Ambiguity of American Gothic Fiction

1765 Words Mar 19th, 2013 8 Pages
Julie Fallows 6423747
Sean Moreland
November 27, 2012
Ambiguity of American Gothic Anxieties

Since the 19h century, American Gothic fiction started to exist independently from the British type. In fact, the latter was marked by its use of fantastic, externalized and metaphysical elements as opposed to the boundaries of American Gothic fiction in which were expressed by historical, internalized, racial and psychological characteristics. (Edwards, XVII) In Edgar Allan Poe’s The Raven, Fall of the House of Usher and The Tell-tale heart and The narrative of Arthur Gordon Pym and in Charles Broken Brown’s Edgar Huntly expresses a transformation of certain gothic conventions to an American setting which are the result of 19th century
…show more content…
In many gothic fictions, Native Americans are the villains of the story, as “white American writers have projected their sense of evil upon the native inhabitants.”(Crow 137) This negative image towards this group is the reality of the 19th century anxiety of miscegenation, and the fear of wilderness. A shadowed forest, the possibility of an Indian lurking in the dark ready to attack and the unknown are features of the wilderness in which created boundaries from the civilized town to the savage forest, from consciousness and waking to unconscious and dreaming. In Hawthorne’s Young Goodman Brown, the feeling of dread and the unknown draws itself into Brown’s mind as he journeys into the gloomy forest. Brown, like most Americans, drew negative images of Native Americans and their land of wilderness as he spoke: “There may be a devilish Indian behind every tree.” (Hawthorne, 606) Moreover, when Brown reaches the witch meeting, he sees Indians or powwow priests interacting in the evil ritual with people who follow puritan beliefs. The hypocritical aspect of Goodman Brown’s community is still seen as less demonic than that of the Indians, as they are always portrayed as the “lesser-breed”. Goodman Brown attest that the natives “who had often scared their native forest with more hideous incantations than any known to English witchcraft” (Hawthorne 612).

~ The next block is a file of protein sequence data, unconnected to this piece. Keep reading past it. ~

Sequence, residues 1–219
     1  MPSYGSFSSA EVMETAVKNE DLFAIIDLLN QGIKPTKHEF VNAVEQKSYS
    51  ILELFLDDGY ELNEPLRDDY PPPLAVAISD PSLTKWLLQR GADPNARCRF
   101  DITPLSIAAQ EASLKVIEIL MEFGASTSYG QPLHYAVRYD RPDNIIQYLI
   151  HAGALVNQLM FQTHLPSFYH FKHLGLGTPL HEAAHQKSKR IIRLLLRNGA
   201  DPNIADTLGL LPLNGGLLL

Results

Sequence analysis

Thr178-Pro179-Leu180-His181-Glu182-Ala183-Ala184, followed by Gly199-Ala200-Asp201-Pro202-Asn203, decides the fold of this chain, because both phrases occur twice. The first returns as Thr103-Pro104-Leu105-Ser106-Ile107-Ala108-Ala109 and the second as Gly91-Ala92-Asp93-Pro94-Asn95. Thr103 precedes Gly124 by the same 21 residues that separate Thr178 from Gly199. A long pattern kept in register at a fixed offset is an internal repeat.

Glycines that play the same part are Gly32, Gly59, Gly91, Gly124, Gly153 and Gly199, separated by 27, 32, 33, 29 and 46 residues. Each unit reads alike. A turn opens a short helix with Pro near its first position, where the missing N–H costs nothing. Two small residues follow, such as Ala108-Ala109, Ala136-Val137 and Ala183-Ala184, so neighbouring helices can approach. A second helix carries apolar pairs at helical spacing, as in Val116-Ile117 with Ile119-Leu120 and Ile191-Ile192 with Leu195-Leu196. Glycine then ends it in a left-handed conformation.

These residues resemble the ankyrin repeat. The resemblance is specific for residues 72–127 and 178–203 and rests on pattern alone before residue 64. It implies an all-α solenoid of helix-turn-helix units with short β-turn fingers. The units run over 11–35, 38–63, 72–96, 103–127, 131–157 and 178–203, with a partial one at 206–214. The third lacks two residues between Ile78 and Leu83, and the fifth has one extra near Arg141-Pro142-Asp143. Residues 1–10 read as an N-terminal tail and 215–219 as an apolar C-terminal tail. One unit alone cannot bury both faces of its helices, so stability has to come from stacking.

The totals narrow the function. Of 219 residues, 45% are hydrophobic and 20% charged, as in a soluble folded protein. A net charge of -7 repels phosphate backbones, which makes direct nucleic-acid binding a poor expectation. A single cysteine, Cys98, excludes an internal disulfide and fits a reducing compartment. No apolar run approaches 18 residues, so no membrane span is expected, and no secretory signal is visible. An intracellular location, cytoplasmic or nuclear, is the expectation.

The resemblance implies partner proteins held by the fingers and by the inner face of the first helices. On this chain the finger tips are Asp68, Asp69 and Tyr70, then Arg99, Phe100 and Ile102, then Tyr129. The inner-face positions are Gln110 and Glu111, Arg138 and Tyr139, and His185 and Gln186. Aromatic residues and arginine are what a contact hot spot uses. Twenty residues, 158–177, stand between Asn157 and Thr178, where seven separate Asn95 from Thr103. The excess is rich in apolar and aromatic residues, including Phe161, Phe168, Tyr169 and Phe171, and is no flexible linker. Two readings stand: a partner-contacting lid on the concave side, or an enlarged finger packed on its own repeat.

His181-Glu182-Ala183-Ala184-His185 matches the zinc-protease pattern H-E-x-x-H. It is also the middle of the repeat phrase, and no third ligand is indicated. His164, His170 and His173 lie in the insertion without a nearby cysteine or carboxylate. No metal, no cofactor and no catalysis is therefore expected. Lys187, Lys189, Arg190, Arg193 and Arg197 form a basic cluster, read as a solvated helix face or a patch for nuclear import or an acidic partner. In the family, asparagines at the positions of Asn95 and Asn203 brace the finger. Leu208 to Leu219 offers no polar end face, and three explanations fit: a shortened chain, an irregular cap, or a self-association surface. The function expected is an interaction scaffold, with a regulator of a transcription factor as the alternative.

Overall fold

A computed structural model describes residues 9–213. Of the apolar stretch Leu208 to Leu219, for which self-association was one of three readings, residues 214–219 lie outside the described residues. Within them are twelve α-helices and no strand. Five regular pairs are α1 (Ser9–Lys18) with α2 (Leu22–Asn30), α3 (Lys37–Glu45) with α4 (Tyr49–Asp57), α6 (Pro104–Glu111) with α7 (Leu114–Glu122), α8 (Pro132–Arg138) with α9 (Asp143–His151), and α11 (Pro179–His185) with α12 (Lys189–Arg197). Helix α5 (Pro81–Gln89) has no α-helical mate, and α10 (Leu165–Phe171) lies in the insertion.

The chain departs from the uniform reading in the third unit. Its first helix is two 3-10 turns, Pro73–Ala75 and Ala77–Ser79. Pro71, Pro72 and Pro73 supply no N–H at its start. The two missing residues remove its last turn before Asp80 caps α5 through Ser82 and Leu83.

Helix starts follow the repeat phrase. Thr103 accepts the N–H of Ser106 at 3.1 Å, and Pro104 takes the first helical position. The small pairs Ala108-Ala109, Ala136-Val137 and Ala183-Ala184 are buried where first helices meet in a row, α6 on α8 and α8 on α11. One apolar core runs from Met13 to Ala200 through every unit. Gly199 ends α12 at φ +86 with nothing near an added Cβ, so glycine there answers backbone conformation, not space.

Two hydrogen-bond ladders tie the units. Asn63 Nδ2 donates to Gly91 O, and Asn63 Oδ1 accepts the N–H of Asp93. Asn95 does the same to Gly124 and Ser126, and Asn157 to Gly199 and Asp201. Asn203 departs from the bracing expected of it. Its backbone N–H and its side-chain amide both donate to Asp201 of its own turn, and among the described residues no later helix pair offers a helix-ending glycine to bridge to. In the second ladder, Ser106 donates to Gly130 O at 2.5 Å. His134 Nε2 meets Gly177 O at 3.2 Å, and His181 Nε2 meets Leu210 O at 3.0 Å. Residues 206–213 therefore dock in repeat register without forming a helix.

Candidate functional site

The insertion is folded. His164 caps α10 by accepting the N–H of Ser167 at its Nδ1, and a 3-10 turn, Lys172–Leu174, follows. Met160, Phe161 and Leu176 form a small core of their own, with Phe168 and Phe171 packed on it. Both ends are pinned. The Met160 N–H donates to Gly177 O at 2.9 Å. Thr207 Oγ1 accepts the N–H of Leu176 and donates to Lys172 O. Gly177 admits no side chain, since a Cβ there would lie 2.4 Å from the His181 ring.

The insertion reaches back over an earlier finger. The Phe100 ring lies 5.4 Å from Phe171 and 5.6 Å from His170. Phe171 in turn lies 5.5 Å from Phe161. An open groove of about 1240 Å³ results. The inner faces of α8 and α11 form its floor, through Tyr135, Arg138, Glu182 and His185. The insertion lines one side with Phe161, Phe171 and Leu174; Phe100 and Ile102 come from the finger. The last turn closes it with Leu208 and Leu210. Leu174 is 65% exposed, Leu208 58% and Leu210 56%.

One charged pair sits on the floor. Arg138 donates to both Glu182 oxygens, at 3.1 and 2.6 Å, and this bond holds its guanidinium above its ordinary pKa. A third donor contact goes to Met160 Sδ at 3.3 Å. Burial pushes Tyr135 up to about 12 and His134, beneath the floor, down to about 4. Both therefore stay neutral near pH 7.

Conveyed as demonic and adversary creatures, Indians were a common
Open Document